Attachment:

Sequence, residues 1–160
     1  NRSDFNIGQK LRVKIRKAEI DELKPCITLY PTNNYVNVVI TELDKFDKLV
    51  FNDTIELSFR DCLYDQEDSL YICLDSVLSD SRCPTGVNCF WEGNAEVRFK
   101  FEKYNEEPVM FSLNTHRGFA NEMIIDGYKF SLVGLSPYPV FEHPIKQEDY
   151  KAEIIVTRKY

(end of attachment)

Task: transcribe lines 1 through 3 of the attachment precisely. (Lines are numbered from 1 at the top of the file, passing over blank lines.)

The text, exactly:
Sequence, residues 1–160
     1  NRSDFNIGQK LRVKIRKAEI DELKPCITLY PTNNYVNVVI TELDKFDKLV
    51  FNDTIELSFR DCLYDQEDSL YICLDSVLSD SRCPTGVNCF WEGNAEVRFK